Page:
Shopping at thrift stores is an effective way to save some cash, get quality goods, and keep the world a greener place. Secondhand items cost buyers less money and are often much higher quality than the (basically) disposables that come from discount stores. And, ultimately, by continuing to use perfectly good items, we are keeping them out of landfills and not pulling more resources from the earth to produce new items.
The environmental impact of throwing things out is catching up with us. The fashion industry, with its high product turnover, produces some 1.2 billion tons of greenhouse emissions a year, millions of tons worth of garbage in landfills, and millions of tons of plastic microfibers in the ocean. Start adding in throwaway cutlery, cheaply made furniture, and last year’s cell phones, and the numbers are even more disturbing.
Equally as beneficial as shopping at thrift stores is donating to them. Rather than tossing goods out or storing something in the bottom of the closet to never be used again, it’s good practice to give thrift shops these items and put them back in circulation. It’ll provide someone else with all the benefits listed above, as well as earn some funds for the thrift store’s charity. And, don’t forget that it’ll clear out some of the clutter in your house as well.
What Not to Give to Thrift Stores
It’s important to remember that thrift stores are not garbage heaps, nor are they repair shops. Items that are obviously broken or unusable are not really going to do them much good, and, in fact, donating this type of stuff will cause more work for what are likely volunteers or low-paid staff. In other words, it’s best to avoid being a burden.
Otherwise, there are some items that just don’t seem to sell or are already overstocked in thrift stores. For example, clear glass stemware and fine china are regularly donated but rarely leave the shelves. Baskets come in bulk but sell primarily near holidays. Trendy books, such as Fifty Shades of Grey, often come in such abundance that there will be years of backlog.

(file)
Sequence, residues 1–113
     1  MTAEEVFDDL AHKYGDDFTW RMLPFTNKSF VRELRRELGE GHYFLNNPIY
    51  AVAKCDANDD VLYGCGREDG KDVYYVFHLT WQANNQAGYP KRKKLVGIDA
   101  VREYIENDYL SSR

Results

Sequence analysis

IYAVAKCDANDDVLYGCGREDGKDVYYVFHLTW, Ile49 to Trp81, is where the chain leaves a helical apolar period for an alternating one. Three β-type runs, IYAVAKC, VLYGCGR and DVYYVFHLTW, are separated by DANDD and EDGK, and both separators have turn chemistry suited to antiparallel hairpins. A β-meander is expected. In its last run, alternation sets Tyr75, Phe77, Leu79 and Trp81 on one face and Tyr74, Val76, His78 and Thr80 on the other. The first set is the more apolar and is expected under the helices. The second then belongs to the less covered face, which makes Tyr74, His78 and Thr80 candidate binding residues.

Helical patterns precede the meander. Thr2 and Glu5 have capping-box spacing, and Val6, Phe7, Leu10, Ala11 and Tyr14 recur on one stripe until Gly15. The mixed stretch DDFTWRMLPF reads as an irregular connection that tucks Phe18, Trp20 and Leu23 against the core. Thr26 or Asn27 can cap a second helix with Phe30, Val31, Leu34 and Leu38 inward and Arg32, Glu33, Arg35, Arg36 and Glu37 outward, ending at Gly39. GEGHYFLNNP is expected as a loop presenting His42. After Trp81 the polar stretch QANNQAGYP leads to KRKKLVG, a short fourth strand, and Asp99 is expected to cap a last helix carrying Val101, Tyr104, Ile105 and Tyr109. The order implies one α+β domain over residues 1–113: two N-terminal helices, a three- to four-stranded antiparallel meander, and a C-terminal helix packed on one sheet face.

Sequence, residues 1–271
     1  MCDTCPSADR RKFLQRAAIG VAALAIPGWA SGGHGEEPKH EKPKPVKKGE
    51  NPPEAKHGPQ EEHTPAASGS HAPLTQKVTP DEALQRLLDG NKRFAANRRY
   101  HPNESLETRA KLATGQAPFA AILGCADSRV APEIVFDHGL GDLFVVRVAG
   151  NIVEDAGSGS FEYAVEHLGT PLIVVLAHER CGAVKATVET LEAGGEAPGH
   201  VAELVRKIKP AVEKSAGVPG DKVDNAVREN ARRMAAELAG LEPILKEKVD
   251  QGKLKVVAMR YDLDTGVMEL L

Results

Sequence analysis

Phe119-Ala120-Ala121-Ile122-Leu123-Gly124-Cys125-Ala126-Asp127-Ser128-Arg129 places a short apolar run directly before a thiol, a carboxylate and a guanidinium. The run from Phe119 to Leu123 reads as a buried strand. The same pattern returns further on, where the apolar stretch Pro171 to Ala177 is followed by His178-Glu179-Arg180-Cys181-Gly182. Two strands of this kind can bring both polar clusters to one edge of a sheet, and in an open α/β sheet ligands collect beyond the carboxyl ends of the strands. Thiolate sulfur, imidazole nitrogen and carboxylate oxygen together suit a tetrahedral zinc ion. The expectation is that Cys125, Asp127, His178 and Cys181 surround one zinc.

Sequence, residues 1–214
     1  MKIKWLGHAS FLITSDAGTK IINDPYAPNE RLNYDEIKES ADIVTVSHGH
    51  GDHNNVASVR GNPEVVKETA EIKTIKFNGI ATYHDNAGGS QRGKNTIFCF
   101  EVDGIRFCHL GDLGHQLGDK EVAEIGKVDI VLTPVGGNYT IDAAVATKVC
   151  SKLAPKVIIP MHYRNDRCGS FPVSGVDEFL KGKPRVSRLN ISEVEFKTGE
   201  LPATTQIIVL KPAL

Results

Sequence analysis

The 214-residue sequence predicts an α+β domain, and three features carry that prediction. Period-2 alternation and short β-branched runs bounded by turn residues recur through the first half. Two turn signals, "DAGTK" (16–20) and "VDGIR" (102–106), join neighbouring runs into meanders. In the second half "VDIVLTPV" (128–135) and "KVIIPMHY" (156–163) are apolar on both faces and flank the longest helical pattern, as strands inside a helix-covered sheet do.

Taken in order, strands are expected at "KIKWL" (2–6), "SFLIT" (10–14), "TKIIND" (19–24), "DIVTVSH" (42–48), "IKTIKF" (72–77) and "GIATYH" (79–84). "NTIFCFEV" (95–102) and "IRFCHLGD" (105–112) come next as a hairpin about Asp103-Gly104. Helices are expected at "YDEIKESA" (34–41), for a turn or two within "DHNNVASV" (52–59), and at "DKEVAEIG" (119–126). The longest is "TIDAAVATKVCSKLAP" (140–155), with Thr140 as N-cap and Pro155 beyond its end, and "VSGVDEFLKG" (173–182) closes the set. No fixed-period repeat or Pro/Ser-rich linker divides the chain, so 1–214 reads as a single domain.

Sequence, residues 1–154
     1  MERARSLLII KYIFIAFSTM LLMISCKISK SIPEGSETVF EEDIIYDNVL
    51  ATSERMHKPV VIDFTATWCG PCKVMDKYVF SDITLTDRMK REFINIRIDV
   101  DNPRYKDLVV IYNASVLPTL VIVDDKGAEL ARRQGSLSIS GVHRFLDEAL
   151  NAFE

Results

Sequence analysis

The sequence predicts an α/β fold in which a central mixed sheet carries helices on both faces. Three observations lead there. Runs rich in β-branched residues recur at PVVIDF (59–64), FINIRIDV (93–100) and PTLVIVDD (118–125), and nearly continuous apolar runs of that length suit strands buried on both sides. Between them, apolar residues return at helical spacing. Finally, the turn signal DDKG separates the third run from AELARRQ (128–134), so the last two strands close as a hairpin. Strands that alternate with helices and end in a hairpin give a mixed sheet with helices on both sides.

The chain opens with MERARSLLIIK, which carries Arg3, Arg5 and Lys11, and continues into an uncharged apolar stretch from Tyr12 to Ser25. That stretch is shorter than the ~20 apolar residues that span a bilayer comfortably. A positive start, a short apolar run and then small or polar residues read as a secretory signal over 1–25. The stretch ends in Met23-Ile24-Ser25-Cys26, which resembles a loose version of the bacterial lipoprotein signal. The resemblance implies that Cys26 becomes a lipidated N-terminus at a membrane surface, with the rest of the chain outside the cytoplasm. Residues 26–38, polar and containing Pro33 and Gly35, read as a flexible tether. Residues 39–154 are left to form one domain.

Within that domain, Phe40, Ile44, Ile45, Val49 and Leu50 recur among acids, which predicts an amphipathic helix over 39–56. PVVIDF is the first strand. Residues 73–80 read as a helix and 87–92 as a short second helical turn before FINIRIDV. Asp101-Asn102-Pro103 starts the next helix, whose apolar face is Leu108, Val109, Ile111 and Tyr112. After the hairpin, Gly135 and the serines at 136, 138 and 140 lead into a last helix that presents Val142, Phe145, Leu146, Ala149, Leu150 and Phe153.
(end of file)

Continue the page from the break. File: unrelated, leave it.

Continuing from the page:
What to Give to Thrift Stores
On the other hand, there are some items that thrift stores love to get, and that will almost be gone by the time the donor is. High-quality cookware like pots, pans, and skillets are examples of such. Jewelry is another. Many people hit the thrift shops in search of rings, brooches, and necklaces. The same goes for decent toys and children’s books. Toddlers aren’t too worried about name brands or if something is new.
Clothing, of course, is what most of us think of as the thrift store shopping experience. For donors, it’s important to only give clothes in wearable condition — no big stains, holes, or rips. It’s also good form to wash them beforehand as stores do not have the time or the funding that it’d take to launder all the clothing that is donated.
How to Give to Thrift Stores
The main idea when giving to a thrift store is to treat the donated stuff as if it’s being given to a friend or family member, someone who deserves respect. Check items for damage before they are given — plugin electronics and check clasps and zippers. Clean everything as if you’d be willing to use it — wash the dishes, cookware, and clothes. Then, as much as possible, sort things into meaningful categories so that they can be easily sorted at the shop. This saves the store time, and time is money.
In general, it’s easy to find thrift stores online. In fact, nowadays they sell much of their products online, just as the rest of the retail industry does. For donations, go online and check out the store’s preferences and hours of operation to streamline the process for them. Just like it’s important to realize that the stores aren’t retail landfills, it’s also good to keep in mind that staff are often volunteers and well-meaning people, so it’s best to donate respectfully.
But, Do Donate to Thrift Stores
All that said, donating to these places is an amazing thing to do. It provides money for worthy causes. It provides people with repurposed goods at affordable prices. It helps you get rid of items that weigh you down. And, it keeps all those tons of garbage out of the landfill. In short, whatever small effort it takes to prep items for donation, the outcome is irrefutably valuable to other people and the planet. Don’t we all want to do that sort of thing?
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